There is a wealth of opportunity for tradies in Christchurch. We need to rebuild a city – and for that we need more builders, painters, plumbers, welders, plasterers and electricians. Since the Christchurch earthquakes, Christchurch Polytechnic Institute of Technology (CPIT) has developed programmes just for youth. That means that if you’re between 15 and 19 years old, you are able to fast-track your career. There are also fee-free programmes specifically for Maori and Pacific Island students, as well as scholarships for women in trades. There are so many opportunities to get into training now and contribute to the future of Christchurch, while building a solid future for yourself at the same time.
B SCORE THAT JO
WRITING A WINNING CV
NAILING THAT INTERVIEW Make sure you have the correct date, time and location of the interview, and give yourself plenty of time to get there. Showing up late is not a good look. Make a list of all your skills relevant to the job and write down examples of how and when you have used these. You’ll probably be asked about this during your interview so if you already have answers ready to go, it’ll be a breeze. Research the company and the role. You may be asked questions about the company and why you want to work there. At the interview: • Wear clean, smart clothes • Take a deep breath, smile, look your interviewers in the eye and give a firm handshake • Do not rush through your answers. Breathe, take your time and give examples • Be prepared to ask your own questions. Ask about the industry or the people in the company. A good question is: “What is a typical day like?” • Thank the interviewers for their time
34 | Tearaway TERM ONE & TWO 2014
CPIT has been training tradespeople for over 100 years. The institute is
now expanding its trades training facilities to take in an extra 400 to 500 students next year. That means that you can learn the skills you need in workshops that replicate industry conditions, so when you get out on the worksite, you know what to expect and what to do. Three new buildings are under way and the Trades Innovation Institute campus will be upgraded to reflect modern workplaces and the use of more technology in trades training. See www.cpit.ac.nz for more information about trades training in Christchurch.
WHERE'S ALL THE WORK? Sitting back and waiting for a job to come to you? Forget about it! Go out there and make it happen. Do your homework on the types of jobs you are after. Do you know what’s available in your region? What skills and qualifications do these jobs require? How well do they match your own? Go looking for work. Ask around; speak to family and friends, teachers or careers advisors about who they know that might be able to help you get your foot in the door. Speak to everyone you can. Target companies you’d like to work for. Visit businesses in your area and introduce yourself. Contact the
Industry Training Organisation (ITO) for your chosen career. Also, contact industry associations – this is an organisation that connects businesses in an industry group – they may know who is looking for new employees. Find out who the major companies are in your industry and check their websites regularly to see whether they are hiring. Do some research on industry expos – they are a great place to meet potential employers. It can get a bit confusing when you’re on the job hunt, so keep a list of jobs you have applied for, and the contact details you’ve used.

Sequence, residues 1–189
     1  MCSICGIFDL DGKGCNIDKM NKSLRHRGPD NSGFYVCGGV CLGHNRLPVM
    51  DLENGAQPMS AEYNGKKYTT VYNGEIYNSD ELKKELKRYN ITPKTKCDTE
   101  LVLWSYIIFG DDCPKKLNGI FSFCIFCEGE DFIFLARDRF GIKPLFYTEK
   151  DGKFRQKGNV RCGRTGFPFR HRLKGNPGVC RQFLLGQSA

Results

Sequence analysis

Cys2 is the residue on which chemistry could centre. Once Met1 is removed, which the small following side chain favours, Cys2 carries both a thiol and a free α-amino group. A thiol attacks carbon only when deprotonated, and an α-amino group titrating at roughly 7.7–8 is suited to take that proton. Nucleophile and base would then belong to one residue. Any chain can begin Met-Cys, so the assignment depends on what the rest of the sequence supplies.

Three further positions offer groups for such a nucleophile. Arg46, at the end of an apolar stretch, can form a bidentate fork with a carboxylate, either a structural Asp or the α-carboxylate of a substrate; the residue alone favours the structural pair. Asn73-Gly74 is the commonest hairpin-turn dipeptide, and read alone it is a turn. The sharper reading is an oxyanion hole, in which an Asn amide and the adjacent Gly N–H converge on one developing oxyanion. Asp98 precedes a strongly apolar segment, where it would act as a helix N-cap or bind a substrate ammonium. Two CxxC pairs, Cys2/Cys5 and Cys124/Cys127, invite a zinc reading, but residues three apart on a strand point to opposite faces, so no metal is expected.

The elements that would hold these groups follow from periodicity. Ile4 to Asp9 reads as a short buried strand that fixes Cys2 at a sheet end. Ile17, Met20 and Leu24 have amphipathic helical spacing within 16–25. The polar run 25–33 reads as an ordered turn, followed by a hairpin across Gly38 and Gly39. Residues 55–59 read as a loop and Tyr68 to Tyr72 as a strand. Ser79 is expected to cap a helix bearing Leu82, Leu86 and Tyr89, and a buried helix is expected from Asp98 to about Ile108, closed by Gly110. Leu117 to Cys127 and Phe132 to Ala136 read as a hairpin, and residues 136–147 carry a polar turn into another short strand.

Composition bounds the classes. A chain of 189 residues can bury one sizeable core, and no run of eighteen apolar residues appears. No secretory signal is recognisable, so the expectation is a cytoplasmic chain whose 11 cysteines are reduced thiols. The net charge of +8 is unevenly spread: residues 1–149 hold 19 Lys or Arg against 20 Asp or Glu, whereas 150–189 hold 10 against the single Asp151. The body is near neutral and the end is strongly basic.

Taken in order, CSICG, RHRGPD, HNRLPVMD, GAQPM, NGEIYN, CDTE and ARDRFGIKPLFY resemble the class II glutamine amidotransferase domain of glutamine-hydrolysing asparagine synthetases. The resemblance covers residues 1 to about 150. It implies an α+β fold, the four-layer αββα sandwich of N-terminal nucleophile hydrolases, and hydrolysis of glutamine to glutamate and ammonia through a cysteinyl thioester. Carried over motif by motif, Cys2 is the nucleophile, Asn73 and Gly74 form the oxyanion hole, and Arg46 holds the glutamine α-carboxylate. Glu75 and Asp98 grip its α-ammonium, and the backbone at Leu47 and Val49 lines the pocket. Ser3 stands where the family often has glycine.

What Else Do I Need To Know? Maths and English are important for all trades and for running a business A driving licence is a benefit Expect alcohol and drug testing at interviews and on the job Take some time to find out about safety requirements for your chosen industry Business owners want motivated and hard-working employees
Keep a good attitude. Work hard and don’t give up; this is what it takes to be successful. Read any success story and it will always include staying positive and working hard Remember how much is related to having the right attitude when talking to employers and looking for work. Your personality will get you just as far as your qualifications
LIVIN’ THE DREAM HOW TO GET A BUILDING APPRENTICESHIP Breaking into the construction industry isn’t easy. You need to be on the ball and proactive about getting a job with an employer willing to train you.
START LEARNING YOUR TRADE AT SCHOOL There are jobs – and then there are great jobs. If you love being out on the land, working with animals or growing plants, New Zealand’s primary industries need you. The primary sector grows, harvests, extracts and processes our natural resources into food and products for home and overseas.
school, by combining NCEA with a National Certificate in Primary Sector at level 1 and Agriculture or Horticulture at level 2.
Live the good life and make a real difference! How? Introducing the Primary ITO Trade Academy.
This is practical, on-the-job training that lets you earn and learn at the same time, with the constant mentoring and support of a team of expert advisors.
This is a partnership between Primary ITO, secondary schools and employers. It is delivered in 21 schools throughout NZ. If you’re in Year 11 or Year 12, you can get started while you’re still at
If a Primary ITO Trade Academy isn’t at your school, there are other options available to you. Visit the website to find out more. www.primaryito.ac.nz/careers
The first step you can take towards getting a building apprenticeship is to register your interest at BCITO.org.nz/lookingforwork. The Building and Construction Industry Training Organisation (BCITO) may be able to put you in contact with employers who are hiring. But don’t stop there! Here are some things that will make you appealing to construction bosses: